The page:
----- Original Message -----
From: Michael Pugliese <[EMAIL PROTECTED]>
To: <[EMAIL PROTECTED]>
Sent: Friday, May 26, 2000 6:53 PM
Subject: Re: The Gramscian Roots of America's Culture War [Free Republic]


>    Ralph Reed, formerly the brains in the Christian Coalition, and now
> making beaucoup bucks as a political consultant (has a snazzy website),
> reads Gramsci. Wacko William Lind (not Michael, different guy, saw him on
> CSPAN at a Accuracy In Media conference a while back on the Kulturkampf)
who
> works for Paul Weyrich at the Free Congress Foundation, says Gramsci,
> Marcuse and Adorno, along with Marx, Freud and Dewey have corrupted
American
> youth. (LaRouche is more specific, he just blames the Frankfurt School.
I'll
> dig up his screed, if anyone wants, on how Adorno caused Littleton.)
>   The cover of the John Birch Society back in 1997, featured a cover story
> on Gramsci. And here, though I think months ago I might have sent this, is
a
> paper from some student philosophy journal from Oregon on the right and
> Gramsci.
>                                                          Michael Pugliese
>
............................................................................
> .................
>
> ----- Original Message -----
> From: Alain Kessi <[EMAIL PROTECTED]>
> To: <[EMAIL PROTECTED]>
> Sent: Wednesday, March 29, 2000 10:26 AM
> Subject: [right-left] Whose Gramsci?
>
>
> > Here comes another icon of the left that we should probably start having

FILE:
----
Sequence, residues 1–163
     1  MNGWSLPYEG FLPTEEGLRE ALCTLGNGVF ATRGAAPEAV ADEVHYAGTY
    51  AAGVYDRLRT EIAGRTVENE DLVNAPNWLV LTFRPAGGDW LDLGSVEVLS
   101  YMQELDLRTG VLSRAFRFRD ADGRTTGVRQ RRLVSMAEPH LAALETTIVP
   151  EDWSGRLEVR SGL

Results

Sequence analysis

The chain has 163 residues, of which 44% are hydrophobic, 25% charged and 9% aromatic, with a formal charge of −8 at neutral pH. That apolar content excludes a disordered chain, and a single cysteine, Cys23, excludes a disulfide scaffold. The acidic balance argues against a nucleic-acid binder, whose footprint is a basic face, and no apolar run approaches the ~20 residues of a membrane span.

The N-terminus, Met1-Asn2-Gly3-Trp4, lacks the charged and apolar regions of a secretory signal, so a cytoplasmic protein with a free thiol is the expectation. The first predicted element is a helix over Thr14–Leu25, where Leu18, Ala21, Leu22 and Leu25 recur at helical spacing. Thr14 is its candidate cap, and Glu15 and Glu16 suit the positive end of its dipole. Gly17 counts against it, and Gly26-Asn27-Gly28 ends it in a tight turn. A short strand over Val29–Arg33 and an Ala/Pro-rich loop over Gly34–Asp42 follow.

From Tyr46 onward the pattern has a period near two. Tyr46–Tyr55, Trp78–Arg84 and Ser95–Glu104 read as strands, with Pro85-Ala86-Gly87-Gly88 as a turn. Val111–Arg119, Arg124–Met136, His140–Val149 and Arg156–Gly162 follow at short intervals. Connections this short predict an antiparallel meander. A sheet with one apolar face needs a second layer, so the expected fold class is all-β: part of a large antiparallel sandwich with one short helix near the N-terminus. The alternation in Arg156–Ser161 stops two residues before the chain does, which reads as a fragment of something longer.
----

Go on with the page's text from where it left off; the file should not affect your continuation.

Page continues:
> > a critical look at - Gramsci. I've been tempted (and still am) to quote
> > Gramsci in a fundamental critique I'm planning to write of the current
> > discourse on "civil society" (another right-left topic) with which the
> > New Center would like to make us believe that their powerful attack
> > against people's autonomy (after the neoliberalist attack had come to a
> > stop because it didn't manage to further break up people's resistance)
> > with the help of NGO elites and a thoroughly elitist concept of "civil
> > society" is "for the good of everyone". Gramsci's concept of civil
> > society (societa civile) is definitely more political than the
> > social-democratic blabla that Habermas and Giddens have gotten us used
> > to. But there's a problem...
> >
> > You see this problem in the article below: Why is Gramsci attractive to
> > the racist right-wing? But if you read his works, maybe you'll discover
> > problematic points independently of the empirical fact that De Benoist
> > and other racists love Gramsci.
> >
> > The point, and this brings Gramsci close to "leftists" like Juergen
> > Habermas ("the bombs of reason"/Kosovo, or was that particular quote
> > from his buddy Ulrich Beck?) or Max Weber ("the primitive Slavs in the
> > way of German efficiency"), is that Gramsci despises "primitive
> > peasants" and other barriers to capital accumulation. His position, it
> > seems, is not far from that of the capitalists. He just disagrees with
> > them on who should be the one to destroy people's autonomy and lives and
> > incorporate their working power into the effectiveness of capitalist
> > production and profit-making, and wants to challenge them on the field
> > of hegemony (of civil society). They find it should be private
> > capitalists. Gramsci thinks it should be the communist party. Much like
> > Stalin thought when he killed them peasants in the Ukraine and
> > elsewhere. (Stalin was an expert in breaking up the "backwardness" of
> > peasants and creating favorable conditions for the accumulation of
> > capital. Wonder whether he had read Joseph Schumpeter and his amazingly